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The original item was published from 12/12/2019 10:43:54 AM to 12/12/2019 10:45:39 AM.

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County Executive

Posted on: December 12, 2019

[ARCHIVED] Curran Cuts the Red Tape of County’s Complex Building Permitting Process Advancing Efforts

Curran Cuts the Red Tape of County’s Complex Building Permitting Process

Advancing Efforts of Blue-Ribbon Panel to Streamline Development Approvals


Panel reveals results of report and progress made to modernize process

  • another step to enhance economic development in Nassau County

Mineola, NY – To reveal details of their report, Nassau County Executive Laura Curran was joined by members of the Blue-Ribbon Panel, a group of technical advisors and key stakeholders tasked with streamlining the Nassau County Department of Public Works’ (NCDPW) 239-f review and approval process. As part of her ongoing efforts to make Nassau County more business friendly and increase opportunities for economic development, County Executive Laura Curran charged the panel with making recommendations to improve the cumbersome process that has long plagued the development industry in Nassau County with challenges and delays.

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The 239-f process affects any development project that fronts a Nassau County road and has created immense challenges for everyone from mom and pop business owners, to large corporations, to single family homeowners. The process often adds significant time delays on development projects, resulting in substantial carrying costs being passed down to the end users (residents and commercial tenants). Economic impacts also extend beyond the property through lost wages to the local development sector.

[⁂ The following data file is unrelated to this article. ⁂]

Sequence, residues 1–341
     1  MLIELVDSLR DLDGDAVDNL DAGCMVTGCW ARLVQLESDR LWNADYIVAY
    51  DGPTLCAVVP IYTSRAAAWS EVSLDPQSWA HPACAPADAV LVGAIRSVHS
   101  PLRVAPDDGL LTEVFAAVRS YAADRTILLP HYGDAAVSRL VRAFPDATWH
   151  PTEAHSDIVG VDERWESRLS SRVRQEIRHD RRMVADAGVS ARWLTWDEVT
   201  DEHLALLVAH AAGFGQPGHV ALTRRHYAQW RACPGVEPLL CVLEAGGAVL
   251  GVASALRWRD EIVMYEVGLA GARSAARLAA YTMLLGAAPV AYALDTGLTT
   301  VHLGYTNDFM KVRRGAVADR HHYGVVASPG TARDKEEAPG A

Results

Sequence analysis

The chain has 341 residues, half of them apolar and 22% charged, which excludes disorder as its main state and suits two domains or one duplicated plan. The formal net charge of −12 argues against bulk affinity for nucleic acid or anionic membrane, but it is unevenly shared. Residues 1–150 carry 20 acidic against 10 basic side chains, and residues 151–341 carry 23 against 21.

“We are working hard to do business better in Nassau and we will continue to break barriers to break ground on smart development for the economic success of our County,” said County Executive Laura Curran. “I want to thank the members of the panel for digging into the details and creating concrete action items to rebuild, modernize and streamline this antiquated process.” 

“There was unanimous agreement that prior practices, causing delays as long as two years for an approval, was unacceptable and inhibit economic development in Nassau,” said Kyle Strober, Executive Director, The Association for a Better Long Island. “This bipartisan panel, with decades of experience, left no stone unturned during its examination of the 239-f process and put forth recommendations that should spur economic development and bring the process into the 21st century. I commend County Executive Laura Curran for addressing this issue head on and assembling a group of experienced professionals to examine this threat to our economy and propose changes that will strengthen the county.”

“Over the past several months, the team at DPW along with the panel members have committed to finding solutions to the many challenges and pitfalls of this outdated, cumbersome system,” said Kenneth Arnold, Commissioner of DPW. “The recommendations solve four main problems: dedicating staff for this important operation, utilizing technology, bettering communication and disconnects between municipalities throughout the process. I want to thank my team for their hard work.”

"I am proud to continue to support strategic initiatives that will help to bring strong economic growth throughout Nassau County, help residents and business owners cut through the red tape of the permitting process and save taxpayers money,” said Nassau County Legislator Laura Schaefer. “I look forward to seeing the new and improved process put into place as quickly as possible."